I‘ve mentioned before, in passing, that I was adopted. I’ve always known I was. I can’t remember ever having “a talk” with my parents about the fact that I was adopted – it was always just out there. I was never embarrassed about it; in fact I think I was a little proud in some ways. My folks emphasized how special I was to them; how other kids were born to their parents, but that they chose me.
I’ve also mentioned that my Mom, the one who raised me, who is my hero, was plagued by issues regarding depression and anxiety from way back before I met her. While she tragically comes by those issues honestly, there were dynamics in her marriage with my Dad that exacerbated them (but that’s a story for another day). What‘s relevant here is that I almost didn’t stay with them.
They adopted a little girl about six months after me too and, between all the pressure, and the issues, and my Mom’s propensity for breaking periodically, there was a time a month or so after they adopted my sister that was profoundly dark for her. She spent some time in the hospital and Child Services almost took us both away. In the end they judged that I had bonded and that the house was still safe for me, but that Mom just didn’t have the resources then to take care of two of us.
I was spared, but my sister – my all-too-briefly-known little sister – was taken away and placed with a different family.
If you’ve read the posts about my Mom, you know that wasn’t the whole story on her. She had reserves of awesomeness that were, as yet, untapped; deep, amazing wells of strength and perseverance that were and are inspiring to me. But then… well, at that point everyone did the best they could and I ended up being an only child.
I have to say that I liked being an only child. I seemed (and seem) to be hardwired for aloneness – I can be alone, happily, without being lonely (although I am also fiercely enamored of my close friends and love to be with them). And I always got spoiled come gift giving time. I got my own room by default, always got the cool electronics hand-me-downs. It was a good deal.
I had a profoundly dark patch from around fourteen to eighteen years of age. In the midst of it, thinking that maybe it had something to do with my adopted-ness (it didn’t, not really, but that’s also part of that different story for a different day), my Mom, with the very best of intentions, registered me with the Adoption Registry in my province of birth. It took ten years for anything to come of that due to the complexities of "closed" and "partially open" adoption policies, but eventually I received a letter from a Social Worker and was invited to start the process of reuniting with my birth mother. We both jumped through their hoops and rang their bells to prove that neither of us were psychotic revenge-monsters and, after a few months, we were invited to speak to each other directly.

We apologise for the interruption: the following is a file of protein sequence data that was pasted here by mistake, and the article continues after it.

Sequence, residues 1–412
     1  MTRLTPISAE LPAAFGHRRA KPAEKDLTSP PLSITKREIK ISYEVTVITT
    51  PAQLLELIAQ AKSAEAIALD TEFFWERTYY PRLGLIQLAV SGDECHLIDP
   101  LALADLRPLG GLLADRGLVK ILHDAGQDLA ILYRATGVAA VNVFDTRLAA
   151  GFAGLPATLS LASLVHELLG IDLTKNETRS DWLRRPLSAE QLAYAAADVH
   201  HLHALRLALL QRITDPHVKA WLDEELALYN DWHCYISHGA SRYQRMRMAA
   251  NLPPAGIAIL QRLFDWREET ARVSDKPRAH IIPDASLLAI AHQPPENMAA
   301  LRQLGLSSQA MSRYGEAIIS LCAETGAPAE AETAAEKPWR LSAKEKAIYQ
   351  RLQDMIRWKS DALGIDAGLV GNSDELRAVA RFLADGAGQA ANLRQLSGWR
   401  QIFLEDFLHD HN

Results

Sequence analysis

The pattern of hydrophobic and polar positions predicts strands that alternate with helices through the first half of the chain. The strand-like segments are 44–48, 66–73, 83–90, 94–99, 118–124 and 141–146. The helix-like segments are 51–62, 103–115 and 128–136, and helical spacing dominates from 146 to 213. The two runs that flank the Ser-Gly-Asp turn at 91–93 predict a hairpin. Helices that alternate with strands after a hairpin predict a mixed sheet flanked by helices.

Those of you who love the irony and serendipity that is inherent in life will enjoy this bit: After twenty-six years, after I’d moved 1600 kilometers (1000 miles) from the middle of Canada to the left coast when I was seven, and after my bio-Mom moved twice after birthing me, we ended up living forty-five minutes apart. She lived in the next town over from mine. We were neighbors.
Mine was an adoption-reuniting best-case scenario. I met my bio-Mom one morining, had coffee with her and talked for a few hours, and then she took me with her to pick up my youngest brother from school. Then we went back to her house for dinner and I met my middle brother, then twenty-three. I went from just Mom and me, two against the world, to a big, messy, fun family in around four hours. And it worked, seamlessly. We were family before any of us even had time to think about it much. And we are family.
And It blows me away.
It blows me away that they accepted me, the son/older brother that they always knew about (I come from honest Moms, both the bio- and the adopto-), but never knew. It blows me away that, after being an only child for so long, I got to be a big brother to my youngest brother, and even coach him in hockey. It blows me away that my middle brother and I, both adults when we met, are friends in only the way brothers can be. It blows me away that my two Moms became friends (even if Mom, adopto-Mom, doesn't always remember that part of the story these days) and that my whole, massive new family was able to spend a couple holiday seasons together. It blows me away that the little brother I met that day is getting married next spring, and that I get to be a part of it.